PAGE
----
I have gotten a slightly more powerful version (as in the video) but the main problem is that the coil's inductive resistence is high enough that no matter how much current I make avaliable, the current used is still usually below a few amps. The secondary coil is just a few miliamps.
Mr. Duffy, it is up to YOU to discover that breakthrough for fast charging. I hope you do; you could be the person who finally gets all-electric vehicles into the mainstream. Nothing we've seen to date has done a good job of this.
Thanks. The wireless charger and coils I used delivered about 12V, so you could charge almost anything. The current, however, is pretty low, so it takes a long time to charge batteries. If you have any improvements to the power output capability or efficency of the design, I'd love to see them.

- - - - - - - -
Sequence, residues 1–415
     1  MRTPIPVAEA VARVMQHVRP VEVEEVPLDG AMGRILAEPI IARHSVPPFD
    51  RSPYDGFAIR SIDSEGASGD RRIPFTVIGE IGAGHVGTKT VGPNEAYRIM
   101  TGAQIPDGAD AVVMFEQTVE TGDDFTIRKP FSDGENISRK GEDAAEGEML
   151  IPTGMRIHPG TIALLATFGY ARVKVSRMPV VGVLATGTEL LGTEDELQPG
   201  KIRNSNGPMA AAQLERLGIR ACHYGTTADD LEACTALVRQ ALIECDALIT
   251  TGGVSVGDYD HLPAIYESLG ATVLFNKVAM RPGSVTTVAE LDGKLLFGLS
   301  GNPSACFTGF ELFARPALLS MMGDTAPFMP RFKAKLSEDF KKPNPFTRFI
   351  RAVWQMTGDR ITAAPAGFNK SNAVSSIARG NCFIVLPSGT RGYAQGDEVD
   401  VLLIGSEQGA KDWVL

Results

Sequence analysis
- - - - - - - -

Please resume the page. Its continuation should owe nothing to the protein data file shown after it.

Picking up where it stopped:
I agree, DRGONZO. It was certainly exciting to see this young man present his project and to see the next generation of engineers at work. I particular appreciated his desire to be innovative by looking for ways to improve the project.
Although plastics make up only about 11% of all US municipal solid waste, many are actually more energy-dense than coal. Converting these non-recycled plastics into energy with existing technologies could reduce US coal consumption, as well as boost domestic energy reserves, says a new study.
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